'A footprint means pressing down and global means world, so 'global footprint' means pressing down on the world and we don't want to press too hard' (child's definition of a Global Footprint)
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Putting your foot down

The four ‘R’s’: reduce, reuse, repair, recycle*

The order of the ‘4 R’s is quite deliberate. Sometimes this is referred to as the ‘waste hierarchy’.

Reduce
To reduce the amount of waste created in the first place is probably the best way of reducing the waste footprint. Reducing waste saves energy, reduces the waste that ends up in landfill or incinerators and saves valuable resources and raw materials.

Reuse
Reusing items rather than throwing them away and buying new keeps them out of the waste stream. Reusable bags for shopping, and buying clothes from charity shops are examples of reuse.

repairRepair
Our throw-away culture is one in which it is often cheaper to buy new items rather than have old ones repaired. But this is of course very wasteful. There are numerous items that can be repaired rather than thrown out: TVs, bicycles, shoes, clothes and furniture are just a few examples.
recycleRecycle
Finally, there are many resources that can be recycled. Materials like glass, metal, plastics and paper can all be processed into new materials or products. Recycling reduces pollution and saves energy while slowing down the rate at which non-renewable resources are depleted.

* The ‘4R’s’ are often referred to as the ‘3R’s’ where 'repair' is considered part of 'reuse'.

The fifth R
There is a fifth R that could also be used to shrink our waste footprint still further: refuse. This is a step beyond reduce. Rather than consuming less, this involves cutting it out all together! Examples might include refusing to take plastic bags offered in shops, refusing free newspapers and magazines, refusing to buy foods wrapped in masses of packaging and refusing to buy a new mobile phone when your current one is absolutely fine!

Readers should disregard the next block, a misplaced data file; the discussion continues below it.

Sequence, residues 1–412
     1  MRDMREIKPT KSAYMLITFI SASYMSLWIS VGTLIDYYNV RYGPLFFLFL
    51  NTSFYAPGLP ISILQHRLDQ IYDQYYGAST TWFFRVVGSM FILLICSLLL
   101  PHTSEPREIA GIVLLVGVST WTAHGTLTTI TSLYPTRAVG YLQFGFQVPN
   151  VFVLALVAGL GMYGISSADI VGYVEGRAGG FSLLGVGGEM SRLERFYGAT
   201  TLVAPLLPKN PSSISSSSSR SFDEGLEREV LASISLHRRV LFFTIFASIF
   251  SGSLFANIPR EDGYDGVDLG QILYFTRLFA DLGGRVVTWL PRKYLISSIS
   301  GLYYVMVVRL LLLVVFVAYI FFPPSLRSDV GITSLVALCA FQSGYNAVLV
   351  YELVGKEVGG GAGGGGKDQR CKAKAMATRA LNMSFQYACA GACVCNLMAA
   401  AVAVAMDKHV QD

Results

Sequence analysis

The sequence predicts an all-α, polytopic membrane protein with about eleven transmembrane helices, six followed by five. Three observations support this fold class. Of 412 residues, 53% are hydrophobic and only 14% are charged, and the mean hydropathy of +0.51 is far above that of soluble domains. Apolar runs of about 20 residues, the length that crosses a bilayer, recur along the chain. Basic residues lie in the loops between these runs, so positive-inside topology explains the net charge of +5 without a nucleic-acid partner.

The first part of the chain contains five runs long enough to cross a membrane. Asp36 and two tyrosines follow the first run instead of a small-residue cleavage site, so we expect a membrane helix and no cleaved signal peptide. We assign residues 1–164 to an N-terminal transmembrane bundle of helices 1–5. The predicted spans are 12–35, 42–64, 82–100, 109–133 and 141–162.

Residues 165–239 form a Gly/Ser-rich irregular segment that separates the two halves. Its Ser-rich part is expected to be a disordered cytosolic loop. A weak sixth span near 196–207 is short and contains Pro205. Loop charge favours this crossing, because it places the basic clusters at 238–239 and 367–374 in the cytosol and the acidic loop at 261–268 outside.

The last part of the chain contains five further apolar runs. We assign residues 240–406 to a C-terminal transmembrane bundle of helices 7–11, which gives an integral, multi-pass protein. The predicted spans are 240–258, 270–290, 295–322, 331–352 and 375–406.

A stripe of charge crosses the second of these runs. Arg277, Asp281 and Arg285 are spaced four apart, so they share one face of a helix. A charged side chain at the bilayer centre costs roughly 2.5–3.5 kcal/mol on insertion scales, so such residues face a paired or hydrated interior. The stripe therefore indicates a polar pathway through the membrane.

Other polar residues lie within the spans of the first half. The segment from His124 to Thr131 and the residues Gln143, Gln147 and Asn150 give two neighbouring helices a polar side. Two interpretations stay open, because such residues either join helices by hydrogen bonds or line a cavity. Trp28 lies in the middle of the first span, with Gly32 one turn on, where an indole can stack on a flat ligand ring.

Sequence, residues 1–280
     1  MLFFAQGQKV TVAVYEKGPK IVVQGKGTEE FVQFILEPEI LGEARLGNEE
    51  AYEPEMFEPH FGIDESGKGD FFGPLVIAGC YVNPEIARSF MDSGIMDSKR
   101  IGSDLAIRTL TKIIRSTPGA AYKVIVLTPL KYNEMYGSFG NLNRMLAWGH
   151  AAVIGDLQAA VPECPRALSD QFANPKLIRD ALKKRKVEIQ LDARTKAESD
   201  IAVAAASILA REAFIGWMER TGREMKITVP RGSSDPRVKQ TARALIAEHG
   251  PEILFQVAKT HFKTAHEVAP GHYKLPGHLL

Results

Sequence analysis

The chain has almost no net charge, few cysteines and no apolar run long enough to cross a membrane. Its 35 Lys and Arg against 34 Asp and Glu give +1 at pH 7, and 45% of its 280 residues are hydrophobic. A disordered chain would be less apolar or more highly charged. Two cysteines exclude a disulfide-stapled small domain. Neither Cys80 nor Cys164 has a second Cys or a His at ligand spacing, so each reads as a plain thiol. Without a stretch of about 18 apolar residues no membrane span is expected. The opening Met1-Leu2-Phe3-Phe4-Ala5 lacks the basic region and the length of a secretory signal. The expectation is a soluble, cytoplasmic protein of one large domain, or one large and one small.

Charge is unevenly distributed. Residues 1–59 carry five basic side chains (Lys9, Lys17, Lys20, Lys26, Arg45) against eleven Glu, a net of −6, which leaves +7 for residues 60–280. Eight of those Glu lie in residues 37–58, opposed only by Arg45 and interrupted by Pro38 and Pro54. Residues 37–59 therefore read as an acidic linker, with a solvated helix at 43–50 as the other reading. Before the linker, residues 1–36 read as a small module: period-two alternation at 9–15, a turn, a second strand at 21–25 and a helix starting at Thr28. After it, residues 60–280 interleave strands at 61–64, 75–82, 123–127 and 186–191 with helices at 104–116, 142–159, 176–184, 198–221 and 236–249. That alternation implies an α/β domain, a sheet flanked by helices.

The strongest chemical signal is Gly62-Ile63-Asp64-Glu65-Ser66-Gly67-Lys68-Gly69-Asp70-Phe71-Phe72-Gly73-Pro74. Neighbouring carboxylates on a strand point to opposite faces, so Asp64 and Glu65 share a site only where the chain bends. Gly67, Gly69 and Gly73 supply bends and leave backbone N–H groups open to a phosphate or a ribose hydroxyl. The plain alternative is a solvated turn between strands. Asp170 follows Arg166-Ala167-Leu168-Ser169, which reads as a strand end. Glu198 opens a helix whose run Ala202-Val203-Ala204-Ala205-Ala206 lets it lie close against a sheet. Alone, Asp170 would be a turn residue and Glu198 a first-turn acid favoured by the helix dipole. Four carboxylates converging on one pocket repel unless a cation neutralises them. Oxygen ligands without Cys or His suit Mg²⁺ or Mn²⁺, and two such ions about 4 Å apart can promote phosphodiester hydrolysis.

Are you a precycler?!

Precycling
is reducing waste by trying to avoid creating it in the first place. So, if you are a precycler you think carefully about how to refuse and reduce (see above). Precyclers try to cut out as much packaging as possible; they think ahead and shop locally, buying things loose and bringing their own bags and containers. The benefits are many: saving money, creating less landfill, reducing
food miles and conserving natural resources.

How about designing a ‘precyler badge’?
Think about what logo would be suitable and what simple message or slogan you could use.

For an article about precycling click here

 

Learn more

  • For more information about the waste footprint download our Global Footprints leaflet click here (link to pdf download)
  • See more about the 4 Rs in 'waste: the 4 Rs' on this site

 

Links:

Global Action Plan – runs an Action at School programme to help schools save resources and money.

Recycle more – facts, activities and games on waste and recycling for pupils and teachers

Recycle for London – provides details on what materials can be recycled in London, what services are available in your area and why it is important to recycle more.

Recycle zone – a site for schools, children and teachers on the 3Rs - reduce, reuse, recycle.

Waste Watch – run a series of education programmes in schools across the country.